My path away from marital meltdown began in the smoking pile of rubble that was my final workplace implosion. It was 1 a.m. and after months of 18-hour days launching a new show, I exploded: screaming, throwing things and threatening people. In front of a large audience on the production floor of 30 Rock, I bottomed out with a loud, messy splat.
Learning to live out loud in my second half wasn't originally my goal, but it happened anyway. I pretty much spent a lifetime fluffing the pillows in my cushy comfort zone. But all that changed four years ago when I took a chance as the empty nest began to creep up on me. Fueled by hysteria and impulse I decided to pursue my first love ... writing.
For Boomers who have spent their career mostly in one or two jobs within the same industry, the prospect of flipping to a new career after so many years can be beyond daunting. It is inspiring when we discover Boomer compatriots who demonstrate that setting an intention, coupled with a sense of purpose, can make career reinvention a relatively smooth process.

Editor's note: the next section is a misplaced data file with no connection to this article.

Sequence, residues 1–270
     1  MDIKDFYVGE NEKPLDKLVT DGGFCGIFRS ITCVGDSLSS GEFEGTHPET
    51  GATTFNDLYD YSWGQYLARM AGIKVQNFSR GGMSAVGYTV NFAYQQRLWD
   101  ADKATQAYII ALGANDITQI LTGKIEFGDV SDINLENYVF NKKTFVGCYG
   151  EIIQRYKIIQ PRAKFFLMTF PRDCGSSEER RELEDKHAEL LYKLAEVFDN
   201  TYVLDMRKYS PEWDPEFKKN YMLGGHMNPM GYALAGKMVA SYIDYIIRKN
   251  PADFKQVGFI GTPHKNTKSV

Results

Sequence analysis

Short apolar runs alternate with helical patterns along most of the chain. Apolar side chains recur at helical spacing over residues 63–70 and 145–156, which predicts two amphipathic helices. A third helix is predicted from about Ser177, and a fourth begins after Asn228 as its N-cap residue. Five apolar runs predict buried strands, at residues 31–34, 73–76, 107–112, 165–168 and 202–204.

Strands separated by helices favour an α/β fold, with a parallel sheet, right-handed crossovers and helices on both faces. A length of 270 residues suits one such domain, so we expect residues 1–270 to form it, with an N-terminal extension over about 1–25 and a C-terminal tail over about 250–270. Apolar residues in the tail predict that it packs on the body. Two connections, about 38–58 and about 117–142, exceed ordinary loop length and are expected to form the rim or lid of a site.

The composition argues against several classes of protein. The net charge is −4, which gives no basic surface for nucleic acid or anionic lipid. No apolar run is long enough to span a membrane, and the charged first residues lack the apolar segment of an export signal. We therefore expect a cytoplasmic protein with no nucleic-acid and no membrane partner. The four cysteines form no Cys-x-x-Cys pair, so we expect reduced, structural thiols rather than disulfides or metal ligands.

Our brains contain more than 50 years of wisdom-gathering. When a challenge erupts, they go into Google mode and scan for solutions. Usually, they find them. But not so when reconstructing our lives after a significant life change. We're now in unknown territory. The message we get from our brains: "no information available." That's darn scary.